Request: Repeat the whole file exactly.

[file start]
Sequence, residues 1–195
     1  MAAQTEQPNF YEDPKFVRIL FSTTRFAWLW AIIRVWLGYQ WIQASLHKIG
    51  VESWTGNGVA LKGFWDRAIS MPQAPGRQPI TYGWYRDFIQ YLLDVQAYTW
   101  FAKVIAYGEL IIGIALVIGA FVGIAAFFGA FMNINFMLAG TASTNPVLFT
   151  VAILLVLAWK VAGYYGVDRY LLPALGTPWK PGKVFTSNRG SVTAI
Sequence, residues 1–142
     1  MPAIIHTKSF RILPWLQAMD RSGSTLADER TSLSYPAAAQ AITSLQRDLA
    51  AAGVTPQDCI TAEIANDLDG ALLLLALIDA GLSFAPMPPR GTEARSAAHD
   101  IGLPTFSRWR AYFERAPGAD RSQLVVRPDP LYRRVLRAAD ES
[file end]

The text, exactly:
Sequence, residues 1–195
     1  MAAQTEQPNF YEDPKFVRIL FSTTRFAWLW AIIRVWLGYQ WIQASLHKIG
    51  VESWTGNGVA LKGFWDRAIS MPQAPGRQPI TYGWYRDFIQ YLLDVQAYTW
   101  FAKVIAYGEL IIGIALVIGA FVGIAAFFGA FMNINFMLAG TASTNPVLFT
   151  VAILLVLAWK VAGYYGVDRY LLPALGTPWK PGKVFTSNRG SVTAI
Sequence, residues 1–142
     1  MPAIIHTKSF RILPWLQAMD RSGSTLADER TSLSYPAAAQ AITSLQRDLA
    51  AAGVTPQDCI TAEIANDLDG ALLLLALIDA GLSFAPMPPR GTEARSAAHD
   101  IGLPTFSRWR AYFERAPGAD RSQLVVRPDP LYRRVLRAAD ES